Why Romance Options Matter, and Why Mass Effect's Ending Wasn't So Bad

PC Gamer recently did a fun little face off about whether in-game romances hurt storytelling, but I think they missed a very crucial point—one that goes far beyond "romance options" and explains why the end of Mass Effect really wasn't all that bad.

I originally published this post on my personal Kinja blog over a year ago, but it's pretty hard to find it there. And, seeing as it's relevant to Games On Delay, I've republished it here! Spoilers ahead, but if you haven't played the Mass Effect trilogy yet, what the heck are you waiting for? (Fun fact: At least two of Games On Delay's writers still have not played Mass Effect).

The authors of the PC Gamer article go back and forth, arguing about whether romance options are an interesting gameplay device or a stupid trope meant to suck in sex-obsessed nerds. I think it's much bigger than that: It's something that immerses you in the game more than either of them really admit. They touch on the point briefly, just without the weight I think it deserves:

...Romancing Tali created one of the most emotionally striking moments in Mass Effect 3, and it had nothing to do with sex. I wanted to help her rebuild her home. I wanted to settle down there with her, and give her the life her people had dreamed of for so long.

Would I have wanted that even if she hadn’t been my character’s romantic partner? Maybe. But the impact would have been far, far less… impactful.

This is the heart of what makes Mass Effect so great. You don't just see the consequences of your choices play out on screen, you feel them reverberate through the universe—even when you don't see them play out on screen.

I've never run a "bad boy" character in a game. That is, whenever I play a game that gives you choice, I always play the "paragon" path: I never steal, never kill anyone needlessly, always playing the 100% goody-two-shoes paladin. Mass Effect was the first game that changed that. After the first Mass Effect game (in which I romanced Ashley), Shepherd—or rather, I—woke up from a coma to find that the universe was still in peril, I was stuck working for an evil corporation, the council had no interest in helping me save the universe, and no one knew where my girlfriend was. Needless to say, I was pissed.

Why Romance Options Matter, and Why Mass Effect's Ending Wasn't So Bad

For the first time, I was ready to kick some ass, and I don't care who got in my way or how innocent they were—I had the hangover of a lifetime, and if you fucked with me, you were getting a bullet to the brain, or at least the butt of my gun in your gut. I may not have gone full renegade, but for the first time I felt only frustration. I no longer felt like I was flipping little switches in a system programmed by BioWare engineers. I was commander Shepherd of the goddamn Normandy, and I had to save the universe.

This is what Mass Effect was all about. Choosing to romance Ashley or save an alien race or turn over some deadly weapons to Cerberus, none of that was an "in-game option" anymore. It was a gut-wrenching decision you felt actually meant something. And even though Ashley barely appeared in game 2 at all, her absence actually motivated me to make different choices than I otherwise would have in a game. That wouldn't have happened if romance was just part of the linear story, if BioWare had forced my Shepherd to romance someone like Miranda instead (who I still don't trust, by the way...I'm convinced she's still loyal to Cerberus).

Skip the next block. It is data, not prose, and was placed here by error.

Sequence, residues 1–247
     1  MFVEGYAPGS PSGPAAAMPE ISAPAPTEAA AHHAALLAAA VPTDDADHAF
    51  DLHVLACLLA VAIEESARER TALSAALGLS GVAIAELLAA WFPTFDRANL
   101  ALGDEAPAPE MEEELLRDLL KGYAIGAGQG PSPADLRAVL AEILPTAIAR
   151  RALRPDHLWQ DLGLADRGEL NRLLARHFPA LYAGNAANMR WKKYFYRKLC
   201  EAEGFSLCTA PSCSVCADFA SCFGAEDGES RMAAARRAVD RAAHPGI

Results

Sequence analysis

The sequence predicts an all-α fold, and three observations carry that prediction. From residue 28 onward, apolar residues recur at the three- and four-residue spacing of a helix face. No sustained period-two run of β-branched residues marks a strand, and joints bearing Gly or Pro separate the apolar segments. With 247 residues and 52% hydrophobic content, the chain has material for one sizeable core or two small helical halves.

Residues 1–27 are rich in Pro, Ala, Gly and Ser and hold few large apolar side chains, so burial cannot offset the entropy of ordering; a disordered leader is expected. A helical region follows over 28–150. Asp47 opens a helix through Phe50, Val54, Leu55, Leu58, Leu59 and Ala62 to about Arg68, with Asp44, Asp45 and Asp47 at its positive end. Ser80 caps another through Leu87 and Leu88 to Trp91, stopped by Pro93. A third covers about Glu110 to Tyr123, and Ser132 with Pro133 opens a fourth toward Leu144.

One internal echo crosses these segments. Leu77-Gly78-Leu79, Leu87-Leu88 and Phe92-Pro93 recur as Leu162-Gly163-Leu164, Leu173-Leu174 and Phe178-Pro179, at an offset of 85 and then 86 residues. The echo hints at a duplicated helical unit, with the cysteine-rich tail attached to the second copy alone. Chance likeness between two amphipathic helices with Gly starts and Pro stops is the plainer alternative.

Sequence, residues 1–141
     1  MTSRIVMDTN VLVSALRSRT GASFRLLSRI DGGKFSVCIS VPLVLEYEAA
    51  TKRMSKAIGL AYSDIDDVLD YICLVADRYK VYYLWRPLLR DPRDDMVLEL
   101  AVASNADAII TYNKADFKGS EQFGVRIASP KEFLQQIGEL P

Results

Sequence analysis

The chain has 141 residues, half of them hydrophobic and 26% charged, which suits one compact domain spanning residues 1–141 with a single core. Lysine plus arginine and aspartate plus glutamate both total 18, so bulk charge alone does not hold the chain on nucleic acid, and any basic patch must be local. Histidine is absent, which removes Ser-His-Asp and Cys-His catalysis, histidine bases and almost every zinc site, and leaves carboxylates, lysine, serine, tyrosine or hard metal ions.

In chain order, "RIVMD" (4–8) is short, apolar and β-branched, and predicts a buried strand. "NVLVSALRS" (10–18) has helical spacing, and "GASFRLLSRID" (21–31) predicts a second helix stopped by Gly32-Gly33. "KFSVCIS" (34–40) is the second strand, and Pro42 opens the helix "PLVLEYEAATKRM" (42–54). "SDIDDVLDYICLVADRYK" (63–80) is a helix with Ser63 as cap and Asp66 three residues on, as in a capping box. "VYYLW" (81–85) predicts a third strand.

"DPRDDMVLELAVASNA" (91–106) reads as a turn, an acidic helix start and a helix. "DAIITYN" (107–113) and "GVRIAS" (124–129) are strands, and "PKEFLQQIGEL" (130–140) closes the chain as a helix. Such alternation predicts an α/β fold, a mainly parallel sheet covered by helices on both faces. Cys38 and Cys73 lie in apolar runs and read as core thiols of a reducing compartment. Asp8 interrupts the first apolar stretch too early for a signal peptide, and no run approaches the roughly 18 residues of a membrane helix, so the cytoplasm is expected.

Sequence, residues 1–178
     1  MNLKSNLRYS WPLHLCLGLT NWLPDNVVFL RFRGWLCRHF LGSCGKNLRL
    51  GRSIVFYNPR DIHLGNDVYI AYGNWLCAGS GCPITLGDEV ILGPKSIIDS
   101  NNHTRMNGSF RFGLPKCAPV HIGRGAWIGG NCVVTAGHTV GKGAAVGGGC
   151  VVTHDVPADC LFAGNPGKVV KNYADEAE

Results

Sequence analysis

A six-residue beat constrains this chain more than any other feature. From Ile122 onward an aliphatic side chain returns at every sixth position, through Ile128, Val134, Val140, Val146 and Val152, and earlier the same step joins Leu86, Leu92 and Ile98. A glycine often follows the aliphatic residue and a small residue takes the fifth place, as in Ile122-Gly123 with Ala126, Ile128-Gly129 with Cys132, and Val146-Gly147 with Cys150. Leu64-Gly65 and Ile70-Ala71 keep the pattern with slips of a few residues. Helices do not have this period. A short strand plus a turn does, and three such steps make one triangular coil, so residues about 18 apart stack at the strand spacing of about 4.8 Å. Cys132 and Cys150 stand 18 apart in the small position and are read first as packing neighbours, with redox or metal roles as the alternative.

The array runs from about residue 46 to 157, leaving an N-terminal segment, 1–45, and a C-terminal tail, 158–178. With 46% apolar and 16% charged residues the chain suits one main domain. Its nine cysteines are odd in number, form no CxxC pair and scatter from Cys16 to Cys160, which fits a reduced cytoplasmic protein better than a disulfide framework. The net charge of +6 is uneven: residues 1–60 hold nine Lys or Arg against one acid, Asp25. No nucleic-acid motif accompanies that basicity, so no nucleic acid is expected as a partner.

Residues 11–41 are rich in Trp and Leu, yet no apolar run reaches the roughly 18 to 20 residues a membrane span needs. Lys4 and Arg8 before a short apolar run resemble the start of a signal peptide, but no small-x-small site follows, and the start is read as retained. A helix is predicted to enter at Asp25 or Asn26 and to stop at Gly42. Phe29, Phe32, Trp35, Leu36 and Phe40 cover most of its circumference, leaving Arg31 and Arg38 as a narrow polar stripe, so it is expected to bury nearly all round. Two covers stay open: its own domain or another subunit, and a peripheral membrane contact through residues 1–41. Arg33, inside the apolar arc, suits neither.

And that's why I don't understand why people were so angry about the original ending of Mass Effect 3. Sure, it has its problems—it tried to go too epic (like every trilogy does), that kid was like a pre-testicles version of the Matrix Reloaded's Architect, and the iOS game I was forced to play in order to get a not-shitty ending was just plain horrible. But the actual ending to the story wasn't bad. I made my decision (synthesis) based on actual feelings about the world and the characters—how could I destroy all machines, for example, after Legion had taught me so much about what it is to be human?

But more importantly: Even though I saw very similar cut scenes no matter what ending I chose, I still felt the specific effects of that choice on the rest of the world. I knew that it meant Joker and EDI could actually be together. It meant Legion could truly coexist with the rest of us. I didn't need a cheesy voice over of how everyone was building a new world together (as shown in the extended cut), I already knew what all that meant—and that was only really possible in a game that draws you in so deeply.

That's what makes Mass Effect great. Even something small like romancing a fellow crew member is part of a bigger whole that immerses you so deeply into the game that you actually feel the effects of your decision beyond what you see. So no, it doesn't "hurt" storytelling—in fact, it's part of a new kind of storytelling you can't get on TV, in movies, or even in books (okay, maybe a Choose Your Own Adventure book). It's something only video games can do, and that is worth pushing the envelope for—even if you have to sit through a kind of awkward alien sex scene or two.


We are Games On Delay, a non-professional gaming blog by and for filthy casuals. Read more about us here.